Ever wondered what happens when you die? Do our souls live on in heaven, frolicking about with those of our lost loved ones? Is there a dark, black nothingness? Or do we get stuffed to the eyeballs with gems and a big shiny crown thrust on our heads until we’re all trussed up like a little skeleton Liberace?

  9. List

    These photographs in the latest issue of the ultra-slick men’s fashion mag, Arena Homme+, are so incredibly perfect, never have I felt so giddy at the combination of slouched, neutral knitwear and ambiguous, colourful props.

  10. List

    With a portfolio bursting with fashion, editorial and portrait photography, it’s no surprise Tung Walsh’s client list is constantly growing having shot for big-wigs including A.P.C, Dolce and Gabbana, BON and W magazine among others. Capturing a mixture of models and famous folk, his style is cool, edgy and setting the standard in achieving that originality and freshness many photographers can only imitate.

  11. List-1-dai-kannon.-sendai_-japan_-100m-(330-ft).-built-in1991

    Statues are an eternal recognition of a person or event’s impact on society – once erected they become a symbol and a part of the community forever. What interests photographer Fabrice Fouillet is when these effigies are on a monumental scale and take over towns, becoming just as exceptional at the political or religious power they’re representing.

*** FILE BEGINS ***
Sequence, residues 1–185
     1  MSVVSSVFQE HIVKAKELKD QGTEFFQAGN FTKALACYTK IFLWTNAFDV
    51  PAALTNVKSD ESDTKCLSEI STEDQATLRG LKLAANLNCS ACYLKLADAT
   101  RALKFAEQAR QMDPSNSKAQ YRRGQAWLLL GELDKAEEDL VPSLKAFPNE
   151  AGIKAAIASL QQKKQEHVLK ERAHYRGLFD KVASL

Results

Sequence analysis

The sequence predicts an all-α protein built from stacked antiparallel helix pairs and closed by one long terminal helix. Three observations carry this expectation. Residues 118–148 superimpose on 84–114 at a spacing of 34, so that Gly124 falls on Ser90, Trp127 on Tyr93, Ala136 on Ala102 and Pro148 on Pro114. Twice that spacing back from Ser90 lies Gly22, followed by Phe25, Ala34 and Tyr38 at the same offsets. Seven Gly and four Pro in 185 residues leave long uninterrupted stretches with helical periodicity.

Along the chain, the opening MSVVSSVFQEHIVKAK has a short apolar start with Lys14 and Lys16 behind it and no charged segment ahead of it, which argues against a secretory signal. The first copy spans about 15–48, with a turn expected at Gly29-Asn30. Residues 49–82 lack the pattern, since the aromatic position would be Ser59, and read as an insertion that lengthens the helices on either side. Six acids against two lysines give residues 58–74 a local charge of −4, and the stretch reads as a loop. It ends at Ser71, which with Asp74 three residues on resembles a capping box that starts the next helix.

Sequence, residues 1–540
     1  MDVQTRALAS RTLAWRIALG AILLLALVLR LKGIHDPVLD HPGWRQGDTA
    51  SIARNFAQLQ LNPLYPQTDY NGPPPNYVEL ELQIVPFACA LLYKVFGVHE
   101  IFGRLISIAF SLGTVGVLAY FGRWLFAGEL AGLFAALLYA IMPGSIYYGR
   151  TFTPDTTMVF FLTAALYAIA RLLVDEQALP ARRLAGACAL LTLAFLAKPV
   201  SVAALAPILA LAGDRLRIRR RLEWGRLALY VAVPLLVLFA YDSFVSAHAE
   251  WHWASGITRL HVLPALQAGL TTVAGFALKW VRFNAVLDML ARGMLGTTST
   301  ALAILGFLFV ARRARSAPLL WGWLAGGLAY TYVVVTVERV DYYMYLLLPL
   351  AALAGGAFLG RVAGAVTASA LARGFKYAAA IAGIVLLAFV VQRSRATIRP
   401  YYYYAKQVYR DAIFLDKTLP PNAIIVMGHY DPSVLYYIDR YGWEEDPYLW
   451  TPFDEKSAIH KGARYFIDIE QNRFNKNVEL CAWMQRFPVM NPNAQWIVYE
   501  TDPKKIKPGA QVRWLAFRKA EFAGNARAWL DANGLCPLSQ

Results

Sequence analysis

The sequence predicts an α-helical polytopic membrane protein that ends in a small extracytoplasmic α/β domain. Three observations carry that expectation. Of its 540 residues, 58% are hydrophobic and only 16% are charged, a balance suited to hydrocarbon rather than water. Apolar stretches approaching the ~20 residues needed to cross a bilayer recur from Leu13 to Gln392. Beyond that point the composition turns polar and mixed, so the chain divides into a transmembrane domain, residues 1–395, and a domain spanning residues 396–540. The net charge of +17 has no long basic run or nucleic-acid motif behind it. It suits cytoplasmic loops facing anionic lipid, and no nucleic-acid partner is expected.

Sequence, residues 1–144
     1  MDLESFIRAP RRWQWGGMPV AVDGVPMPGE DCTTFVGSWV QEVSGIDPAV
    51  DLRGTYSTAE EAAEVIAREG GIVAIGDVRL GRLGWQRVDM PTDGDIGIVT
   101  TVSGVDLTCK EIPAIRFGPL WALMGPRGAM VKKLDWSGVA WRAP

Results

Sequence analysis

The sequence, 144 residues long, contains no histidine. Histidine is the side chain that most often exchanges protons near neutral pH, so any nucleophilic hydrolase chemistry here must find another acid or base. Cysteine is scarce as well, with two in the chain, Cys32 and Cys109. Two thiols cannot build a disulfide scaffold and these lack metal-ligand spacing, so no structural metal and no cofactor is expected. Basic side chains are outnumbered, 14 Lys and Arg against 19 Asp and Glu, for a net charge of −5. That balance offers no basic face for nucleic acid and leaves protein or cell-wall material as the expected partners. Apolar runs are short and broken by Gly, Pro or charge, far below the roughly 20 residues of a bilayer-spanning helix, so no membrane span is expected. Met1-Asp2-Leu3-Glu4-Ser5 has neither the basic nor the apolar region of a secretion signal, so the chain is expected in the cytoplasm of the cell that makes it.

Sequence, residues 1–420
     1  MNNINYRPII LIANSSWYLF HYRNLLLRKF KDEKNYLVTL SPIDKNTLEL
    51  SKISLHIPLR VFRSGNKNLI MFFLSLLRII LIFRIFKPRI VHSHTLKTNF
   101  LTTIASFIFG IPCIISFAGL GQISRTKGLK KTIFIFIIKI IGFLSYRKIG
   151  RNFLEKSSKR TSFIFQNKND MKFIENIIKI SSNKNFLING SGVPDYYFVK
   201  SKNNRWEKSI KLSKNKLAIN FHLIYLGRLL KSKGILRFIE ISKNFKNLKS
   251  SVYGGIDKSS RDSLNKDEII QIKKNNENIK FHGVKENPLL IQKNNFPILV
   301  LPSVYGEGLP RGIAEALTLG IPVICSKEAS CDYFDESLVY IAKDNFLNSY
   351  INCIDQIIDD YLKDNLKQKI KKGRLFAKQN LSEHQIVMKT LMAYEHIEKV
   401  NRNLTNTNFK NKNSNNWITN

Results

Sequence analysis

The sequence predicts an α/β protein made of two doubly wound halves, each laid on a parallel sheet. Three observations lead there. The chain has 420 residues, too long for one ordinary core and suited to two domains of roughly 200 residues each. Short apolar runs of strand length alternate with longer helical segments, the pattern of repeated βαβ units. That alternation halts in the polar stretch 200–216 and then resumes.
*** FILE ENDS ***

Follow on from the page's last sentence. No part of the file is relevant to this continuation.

12. List-conorbeary-3

    When these flaming barrels rolled into our consciousness, we were instantly intrigued. While it’s nothing new to see photographic documentation of strange customs and traditions (James Pearson-Howes, for instance, has captured British Folk traditions to brilliant effect), these images by Conor Beary are no less fascinating. The photographs document a 200-year-old tradition in the wonderfully-named village of Ottery Saint Mary in Devon, which sees the streets filled with fire and wild enthusiasm.

  13. List

    There’s a real appetite here on the internet for old black and white photos being presented in colour, but in the main they tend to focus on historic or social themes. It’s less common to see sports photography undergoing this treatment, which is why we were so struck by the work of Gooner Frog when we came across it on Facebook.